An ode to the great age of steam trains

Dear Sir, — Here are two images of the Royal Scot steam locomotive collecting passengers at Sandbach on Saturday, 15th February, while hauling the Pennine and Valleys Explorer.
The engine has an interesting history in that it was built as a 6100 in 1927 by the North British Locomotive Company in Glasgow and named Royal Scot. However, in 1933 the engine swapped places with an identical locomotive 6152, The King’s Dragoon Guardsman, the latter being newly overhauled and preferred for an expedition to Chicago in the United States. Thus, this particular locomotive is, in fact, not the original Royal Scot that, running as 46152, was scrapped in 1965 when steam traction was being withdrawn from the network. The current 46100 (the number four was added when the railways were nationalised in 1948) was rebuilt into its current form at Crewe in 1950.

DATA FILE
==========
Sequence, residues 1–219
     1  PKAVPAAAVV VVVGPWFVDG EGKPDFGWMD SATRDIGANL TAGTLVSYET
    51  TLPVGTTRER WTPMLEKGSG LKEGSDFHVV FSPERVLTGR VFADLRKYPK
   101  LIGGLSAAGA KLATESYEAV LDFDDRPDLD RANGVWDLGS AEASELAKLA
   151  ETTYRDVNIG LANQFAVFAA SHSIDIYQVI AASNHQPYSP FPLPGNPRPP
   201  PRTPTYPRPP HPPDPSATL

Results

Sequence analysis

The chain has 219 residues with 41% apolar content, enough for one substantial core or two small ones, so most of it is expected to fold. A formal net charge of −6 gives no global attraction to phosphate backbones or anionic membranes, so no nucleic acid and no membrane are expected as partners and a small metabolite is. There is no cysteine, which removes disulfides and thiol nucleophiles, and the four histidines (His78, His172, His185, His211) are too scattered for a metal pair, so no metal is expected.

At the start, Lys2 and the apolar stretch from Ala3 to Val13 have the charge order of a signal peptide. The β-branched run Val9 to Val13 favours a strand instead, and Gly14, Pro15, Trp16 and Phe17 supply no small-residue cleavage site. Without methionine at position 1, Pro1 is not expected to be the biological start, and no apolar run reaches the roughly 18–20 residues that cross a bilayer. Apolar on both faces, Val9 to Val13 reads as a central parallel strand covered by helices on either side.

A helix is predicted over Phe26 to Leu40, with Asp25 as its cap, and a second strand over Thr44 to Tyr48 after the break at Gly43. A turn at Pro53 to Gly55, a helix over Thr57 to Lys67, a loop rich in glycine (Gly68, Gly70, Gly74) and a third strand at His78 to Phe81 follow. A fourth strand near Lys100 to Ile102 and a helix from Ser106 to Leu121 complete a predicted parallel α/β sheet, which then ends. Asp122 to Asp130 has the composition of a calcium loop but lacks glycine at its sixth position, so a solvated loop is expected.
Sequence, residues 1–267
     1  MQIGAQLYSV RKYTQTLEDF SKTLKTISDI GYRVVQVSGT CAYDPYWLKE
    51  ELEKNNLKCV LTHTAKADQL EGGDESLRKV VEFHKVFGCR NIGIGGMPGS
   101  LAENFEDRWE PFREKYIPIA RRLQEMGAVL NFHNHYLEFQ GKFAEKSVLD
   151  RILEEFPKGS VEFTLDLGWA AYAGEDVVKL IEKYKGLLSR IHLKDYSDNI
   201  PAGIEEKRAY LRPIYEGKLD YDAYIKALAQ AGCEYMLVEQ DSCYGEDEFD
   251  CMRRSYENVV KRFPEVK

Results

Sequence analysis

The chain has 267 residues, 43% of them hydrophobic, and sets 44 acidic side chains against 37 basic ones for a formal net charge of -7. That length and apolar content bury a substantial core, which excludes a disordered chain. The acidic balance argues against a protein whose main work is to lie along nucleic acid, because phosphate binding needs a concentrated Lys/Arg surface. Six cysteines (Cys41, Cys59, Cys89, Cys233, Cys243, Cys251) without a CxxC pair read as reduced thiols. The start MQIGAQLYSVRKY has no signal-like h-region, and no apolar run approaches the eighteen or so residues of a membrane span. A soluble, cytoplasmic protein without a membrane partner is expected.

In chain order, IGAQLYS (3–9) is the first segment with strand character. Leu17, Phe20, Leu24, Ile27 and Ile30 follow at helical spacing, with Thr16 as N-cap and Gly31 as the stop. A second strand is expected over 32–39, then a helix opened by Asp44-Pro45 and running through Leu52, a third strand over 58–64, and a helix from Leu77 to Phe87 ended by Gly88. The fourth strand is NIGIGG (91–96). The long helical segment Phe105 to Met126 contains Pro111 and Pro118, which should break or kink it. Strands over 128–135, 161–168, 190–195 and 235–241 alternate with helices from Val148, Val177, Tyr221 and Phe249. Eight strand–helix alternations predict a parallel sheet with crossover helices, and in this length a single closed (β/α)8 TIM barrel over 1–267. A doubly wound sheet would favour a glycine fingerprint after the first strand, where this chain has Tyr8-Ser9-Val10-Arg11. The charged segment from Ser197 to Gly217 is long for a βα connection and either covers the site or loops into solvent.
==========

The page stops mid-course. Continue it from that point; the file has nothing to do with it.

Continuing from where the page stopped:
Fitted with a commemorative nameplate, 46100 was rescued from the scrap man by Sir Billy Butlin, who put it on display at Skegness in 1963. On 16th March 1971, 6100 departed from Skegness for the Bressingham Steam Museum and was returned to steam in 1972. It ran until 1978 when it once more became a static exhibit and was eventually sold to Bressingham in May 1989. Since 2009, 46100 has been owned and fully restored by the Royal Scot Locomotive and General Trust and normally stabled at Crewe. — Yours faithfully,